“To every man is given the key to the gates of heaven. The same key opens the gates of hell.”

                                                                    [As told to Richard Feynman by a Buddhist monk]

 

 

 

To the Buddhist monk, these words were a general guide to how to live your life.

 

To Richard Feynman, the words were about knowledge and science: He was convinced that Science, per se, is neither good nor bad. It is just a tool – a tool that can be used for both.

 

Key.jpg

 

When I see these words, I think of some of the functionality in QlikView: Functions and features that were introduced to solve problems that would be difficult or impossible to solve otherwise: Triggers, Actions, Dollar expansions, Set analysis, Alternate states, Show conditions, etc.

 

These features are all keys to heaven. Correctly used, they can enable you to build an application that calculates and compares immensely complex things, while still presenting the data in a way that a user can understand and investigate further.

 

However, the very same functions are also the key to making user-hostile and unmanageable applications, e.g. through:

  • Set analysis that hard-codes a selection – instead of letting the user select interactively.
  • Excessive use of Dollar expansions, Variables and Show conditions, which make the application difficult or impossible to manage.
  • Alternate states that are poorly labelled, so that the user gets confused about which selection really is applied.
  • Triggers with Actions or Macros that perform navigation or selections that really ought to be user-initiated and not automatic.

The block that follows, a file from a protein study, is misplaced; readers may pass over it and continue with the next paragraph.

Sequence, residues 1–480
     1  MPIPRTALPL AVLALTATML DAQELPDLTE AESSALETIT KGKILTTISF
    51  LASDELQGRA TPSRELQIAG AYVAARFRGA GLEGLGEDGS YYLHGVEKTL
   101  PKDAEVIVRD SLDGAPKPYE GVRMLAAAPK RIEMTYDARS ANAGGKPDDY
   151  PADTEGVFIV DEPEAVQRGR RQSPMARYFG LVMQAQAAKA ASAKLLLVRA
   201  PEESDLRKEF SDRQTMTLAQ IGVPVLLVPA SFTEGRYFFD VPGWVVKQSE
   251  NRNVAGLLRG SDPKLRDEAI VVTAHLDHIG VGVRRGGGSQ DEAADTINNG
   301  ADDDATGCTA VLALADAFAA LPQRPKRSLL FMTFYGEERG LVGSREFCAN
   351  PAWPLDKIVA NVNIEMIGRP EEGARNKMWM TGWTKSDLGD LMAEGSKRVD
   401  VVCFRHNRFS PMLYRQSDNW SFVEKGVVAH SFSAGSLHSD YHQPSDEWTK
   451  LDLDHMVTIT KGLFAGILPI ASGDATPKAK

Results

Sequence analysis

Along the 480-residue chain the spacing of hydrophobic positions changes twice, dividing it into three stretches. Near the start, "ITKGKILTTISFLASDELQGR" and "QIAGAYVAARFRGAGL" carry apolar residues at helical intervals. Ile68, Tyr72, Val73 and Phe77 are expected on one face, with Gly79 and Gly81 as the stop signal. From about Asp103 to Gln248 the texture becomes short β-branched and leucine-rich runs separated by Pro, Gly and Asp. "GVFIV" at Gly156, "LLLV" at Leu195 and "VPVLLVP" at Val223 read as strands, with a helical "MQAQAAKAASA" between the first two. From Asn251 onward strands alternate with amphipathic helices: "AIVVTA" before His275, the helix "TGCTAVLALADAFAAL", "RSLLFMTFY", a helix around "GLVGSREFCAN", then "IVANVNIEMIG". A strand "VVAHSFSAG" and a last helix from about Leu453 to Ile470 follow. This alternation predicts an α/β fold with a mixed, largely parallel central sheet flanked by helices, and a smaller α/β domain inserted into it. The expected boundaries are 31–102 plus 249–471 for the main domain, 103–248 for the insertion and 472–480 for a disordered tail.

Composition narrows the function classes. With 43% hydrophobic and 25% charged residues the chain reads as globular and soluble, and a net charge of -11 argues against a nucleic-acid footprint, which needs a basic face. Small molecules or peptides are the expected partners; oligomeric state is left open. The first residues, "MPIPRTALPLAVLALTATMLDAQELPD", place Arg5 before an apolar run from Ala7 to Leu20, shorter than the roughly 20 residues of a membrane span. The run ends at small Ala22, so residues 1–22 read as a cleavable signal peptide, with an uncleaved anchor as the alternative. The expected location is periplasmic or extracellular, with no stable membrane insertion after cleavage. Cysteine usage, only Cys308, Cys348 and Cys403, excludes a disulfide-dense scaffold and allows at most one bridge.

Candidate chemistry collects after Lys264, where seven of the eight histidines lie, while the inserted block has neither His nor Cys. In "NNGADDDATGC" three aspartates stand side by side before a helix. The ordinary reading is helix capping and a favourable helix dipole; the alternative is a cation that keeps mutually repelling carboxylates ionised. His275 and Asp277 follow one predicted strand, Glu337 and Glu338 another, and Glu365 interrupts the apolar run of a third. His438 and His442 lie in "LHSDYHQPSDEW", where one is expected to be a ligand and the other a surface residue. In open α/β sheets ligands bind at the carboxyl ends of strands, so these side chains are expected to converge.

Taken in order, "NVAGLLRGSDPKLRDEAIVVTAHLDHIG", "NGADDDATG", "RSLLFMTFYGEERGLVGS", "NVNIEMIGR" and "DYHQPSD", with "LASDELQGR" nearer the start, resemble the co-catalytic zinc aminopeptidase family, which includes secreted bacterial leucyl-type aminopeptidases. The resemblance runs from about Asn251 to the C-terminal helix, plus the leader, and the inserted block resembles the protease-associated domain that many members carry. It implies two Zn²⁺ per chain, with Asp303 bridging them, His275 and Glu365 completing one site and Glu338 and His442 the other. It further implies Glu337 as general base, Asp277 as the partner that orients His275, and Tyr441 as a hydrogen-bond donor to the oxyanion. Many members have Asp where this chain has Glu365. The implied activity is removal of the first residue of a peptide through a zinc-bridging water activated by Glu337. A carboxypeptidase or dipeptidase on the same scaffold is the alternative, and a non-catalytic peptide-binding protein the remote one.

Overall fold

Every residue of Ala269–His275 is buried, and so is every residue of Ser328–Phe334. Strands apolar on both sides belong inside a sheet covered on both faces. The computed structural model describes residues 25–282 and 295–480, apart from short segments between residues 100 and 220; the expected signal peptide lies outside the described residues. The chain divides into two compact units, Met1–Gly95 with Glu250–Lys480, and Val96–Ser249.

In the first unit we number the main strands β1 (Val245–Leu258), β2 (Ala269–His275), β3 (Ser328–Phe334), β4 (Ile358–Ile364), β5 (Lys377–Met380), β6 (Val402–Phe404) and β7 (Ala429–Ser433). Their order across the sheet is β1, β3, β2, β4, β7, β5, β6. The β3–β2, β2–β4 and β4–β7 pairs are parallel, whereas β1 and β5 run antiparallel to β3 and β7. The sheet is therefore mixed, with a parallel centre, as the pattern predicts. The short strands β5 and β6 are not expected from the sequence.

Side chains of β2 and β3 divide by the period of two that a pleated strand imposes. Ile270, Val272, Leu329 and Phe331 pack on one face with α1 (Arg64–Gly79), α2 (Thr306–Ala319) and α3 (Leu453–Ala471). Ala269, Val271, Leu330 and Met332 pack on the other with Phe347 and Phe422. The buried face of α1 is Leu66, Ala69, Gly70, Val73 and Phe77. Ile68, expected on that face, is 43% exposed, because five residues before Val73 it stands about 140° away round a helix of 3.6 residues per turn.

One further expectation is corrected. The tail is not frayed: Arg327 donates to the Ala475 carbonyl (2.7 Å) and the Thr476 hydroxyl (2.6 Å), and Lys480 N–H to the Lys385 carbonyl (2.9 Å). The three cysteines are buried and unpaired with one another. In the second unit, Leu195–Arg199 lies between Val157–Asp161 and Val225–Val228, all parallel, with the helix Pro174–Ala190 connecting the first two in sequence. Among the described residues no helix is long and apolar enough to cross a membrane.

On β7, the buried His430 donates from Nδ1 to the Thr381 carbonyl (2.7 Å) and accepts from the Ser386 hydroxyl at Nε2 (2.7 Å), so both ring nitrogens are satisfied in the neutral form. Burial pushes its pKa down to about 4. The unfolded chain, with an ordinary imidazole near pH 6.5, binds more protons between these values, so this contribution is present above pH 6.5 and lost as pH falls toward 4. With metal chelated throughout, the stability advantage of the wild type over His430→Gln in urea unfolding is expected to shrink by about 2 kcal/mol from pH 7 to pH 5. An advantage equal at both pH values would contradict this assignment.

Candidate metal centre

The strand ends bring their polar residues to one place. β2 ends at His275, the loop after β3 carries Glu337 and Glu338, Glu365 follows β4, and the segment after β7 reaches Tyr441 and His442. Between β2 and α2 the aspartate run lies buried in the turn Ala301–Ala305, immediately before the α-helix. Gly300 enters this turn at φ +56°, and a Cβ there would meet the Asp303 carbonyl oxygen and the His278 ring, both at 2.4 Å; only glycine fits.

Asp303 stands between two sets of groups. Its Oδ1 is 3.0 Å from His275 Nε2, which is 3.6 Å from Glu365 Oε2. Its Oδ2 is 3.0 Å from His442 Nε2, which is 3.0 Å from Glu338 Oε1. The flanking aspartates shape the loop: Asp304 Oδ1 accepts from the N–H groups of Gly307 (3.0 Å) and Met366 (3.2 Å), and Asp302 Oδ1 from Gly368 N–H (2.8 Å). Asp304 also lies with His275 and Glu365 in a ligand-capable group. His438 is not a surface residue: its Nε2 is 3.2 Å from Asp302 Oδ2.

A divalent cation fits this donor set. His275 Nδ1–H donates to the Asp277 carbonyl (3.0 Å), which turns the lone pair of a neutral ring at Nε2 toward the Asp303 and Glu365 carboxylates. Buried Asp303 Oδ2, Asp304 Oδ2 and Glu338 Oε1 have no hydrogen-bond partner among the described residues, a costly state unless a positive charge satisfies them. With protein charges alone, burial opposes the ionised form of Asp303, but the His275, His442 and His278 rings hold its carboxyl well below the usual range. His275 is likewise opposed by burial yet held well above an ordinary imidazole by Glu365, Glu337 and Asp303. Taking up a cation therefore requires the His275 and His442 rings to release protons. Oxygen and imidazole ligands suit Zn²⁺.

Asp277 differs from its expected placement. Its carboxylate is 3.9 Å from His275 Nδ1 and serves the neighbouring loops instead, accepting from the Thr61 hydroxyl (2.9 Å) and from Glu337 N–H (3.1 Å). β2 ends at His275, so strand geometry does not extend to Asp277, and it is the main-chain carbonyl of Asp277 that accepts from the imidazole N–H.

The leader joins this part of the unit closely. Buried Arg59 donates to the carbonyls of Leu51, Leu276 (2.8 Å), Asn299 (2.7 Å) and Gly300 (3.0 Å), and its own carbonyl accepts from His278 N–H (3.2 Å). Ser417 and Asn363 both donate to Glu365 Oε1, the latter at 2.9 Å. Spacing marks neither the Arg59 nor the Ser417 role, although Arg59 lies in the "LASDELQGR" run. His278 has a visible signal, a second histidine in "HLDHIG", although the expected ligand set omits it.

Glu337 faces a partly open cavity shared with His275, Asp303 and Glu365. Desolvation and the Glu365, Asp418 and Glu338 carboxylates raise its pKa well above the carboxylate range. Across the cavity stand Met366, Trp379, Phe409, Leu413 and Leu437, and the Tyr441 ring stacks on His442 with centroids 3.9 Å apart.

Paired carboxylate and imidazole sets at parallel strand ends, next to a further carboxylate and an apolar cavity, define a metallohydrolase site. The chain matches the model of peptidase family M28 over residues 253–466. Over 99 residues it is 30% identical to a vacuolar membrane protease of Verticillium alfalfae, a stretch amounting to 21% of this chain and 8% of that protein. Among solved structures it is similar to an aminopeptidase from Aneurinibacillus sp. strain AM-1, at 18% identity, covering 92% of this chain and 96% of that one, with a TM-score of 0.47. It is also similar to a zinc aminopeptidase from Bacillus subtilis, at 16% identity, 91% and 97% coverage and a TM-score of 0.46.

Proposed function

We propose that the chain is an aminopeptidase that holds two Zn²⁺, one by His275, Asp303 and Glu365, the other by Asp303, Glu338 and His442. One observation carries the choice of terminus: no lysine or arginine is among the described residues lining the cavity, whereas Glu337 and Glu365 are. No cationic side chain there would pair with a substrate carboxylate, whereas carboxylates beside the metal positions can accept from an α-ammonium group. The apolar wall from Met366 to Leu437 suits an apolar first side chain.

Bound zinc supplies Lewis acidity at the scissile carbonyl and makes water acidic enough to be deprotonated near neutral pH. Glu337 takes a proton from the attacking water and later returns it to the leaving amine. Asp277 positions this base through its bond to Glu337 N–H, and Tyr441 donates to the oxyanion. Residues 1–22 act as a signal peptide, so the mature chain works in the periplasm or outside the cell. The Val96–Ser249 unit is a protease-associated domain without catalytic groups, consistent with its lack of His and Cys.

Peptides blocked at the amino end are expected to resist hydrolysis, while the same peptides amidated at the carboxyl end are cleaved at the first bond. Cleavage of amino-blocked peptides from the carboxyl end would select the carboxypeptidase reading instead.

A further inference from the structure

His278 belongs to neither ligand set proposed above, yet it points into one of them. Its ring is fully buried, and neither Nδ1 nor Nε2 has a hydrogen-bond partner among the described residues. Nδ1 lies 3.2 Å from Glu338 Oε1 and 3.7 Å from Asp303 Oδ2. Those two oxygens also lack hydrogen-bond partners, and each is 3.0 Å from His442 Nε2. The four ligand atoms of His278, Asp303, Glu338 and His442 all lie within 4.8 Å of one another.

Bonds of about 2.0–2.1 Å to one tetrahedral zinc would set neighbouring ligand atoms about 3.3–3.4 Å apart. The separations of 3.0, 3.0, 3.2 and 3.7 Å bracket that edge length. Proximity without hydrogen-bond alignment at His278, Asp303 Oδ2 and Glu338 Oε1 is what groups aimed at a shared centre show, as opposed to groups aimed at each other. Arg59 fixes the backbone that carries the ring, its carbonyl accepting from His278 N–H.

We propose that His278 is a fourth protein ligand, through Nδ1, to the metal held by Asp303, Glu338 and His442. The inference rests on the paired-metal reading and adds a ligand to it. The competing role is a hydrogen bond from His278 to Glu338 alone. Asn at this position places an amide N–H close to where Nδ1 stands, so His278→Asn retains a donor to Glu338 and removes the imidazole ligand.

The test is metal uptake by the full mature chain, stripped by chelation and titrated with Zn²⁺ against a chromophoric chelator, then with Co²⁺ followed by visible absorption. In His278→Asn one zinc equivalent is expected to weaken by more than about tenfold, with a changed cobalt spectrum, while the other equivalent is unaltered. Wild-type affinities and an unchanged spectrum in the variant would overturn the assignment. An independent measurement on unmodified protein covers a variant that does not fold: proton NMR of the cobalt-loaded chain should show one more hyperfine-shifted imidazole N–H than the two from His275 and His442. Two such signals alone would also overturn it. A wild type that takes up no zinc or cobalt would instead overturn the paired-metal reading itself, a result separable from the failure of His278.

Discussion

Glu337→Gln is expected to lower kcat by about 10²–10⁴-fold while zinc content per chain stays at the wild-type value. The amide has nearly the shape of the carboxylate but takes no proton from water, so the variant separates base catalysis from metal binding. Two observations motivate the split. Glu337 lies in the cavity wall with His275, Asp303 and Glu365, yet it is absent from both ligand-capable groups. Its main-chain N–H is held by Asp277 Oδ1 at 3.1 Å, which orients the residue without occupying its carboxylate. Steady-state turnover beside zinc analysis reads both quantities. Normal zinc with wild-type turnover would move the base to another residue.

Enable the user!

 

The user will learn to interact with data, if you only let him. Most users have very intelligent questions and want to navigate in data, explore and discover things. Let them do this.

 

But if you instead obscure the QlikView logic by introducing too much additional logic using any of the above mentioned features, the user experience will be a very different one. Instead of an active, smart user, you will produce a passive user that doesn't understand how to use QlikView effectively and instead uses the application as a static report.

 

Some pieces of advice:

  • Navigation and selections should be left to the user. Don’t automate this. Let the user make the selections and interact with data.
  • Label fields and charts so that it is clear what they show.
  • Avoid hard-coding filters. For example, if you want one graph showing the numbers for 2014 and second graph for 2013, you should not create two separate graphs with the years hard-coded. You should instead use a Trellis chart with year as first dimension.
  • Avoid using Triggers and Macros.
  • Always ask yourself “How is this going to be managed? Is this a manageable solution?”

 

Don’t let the QlikView functions get in the way of making a user-friendly and manageable application. Instead, use them wisely.

 

Simplicity.

 

HIC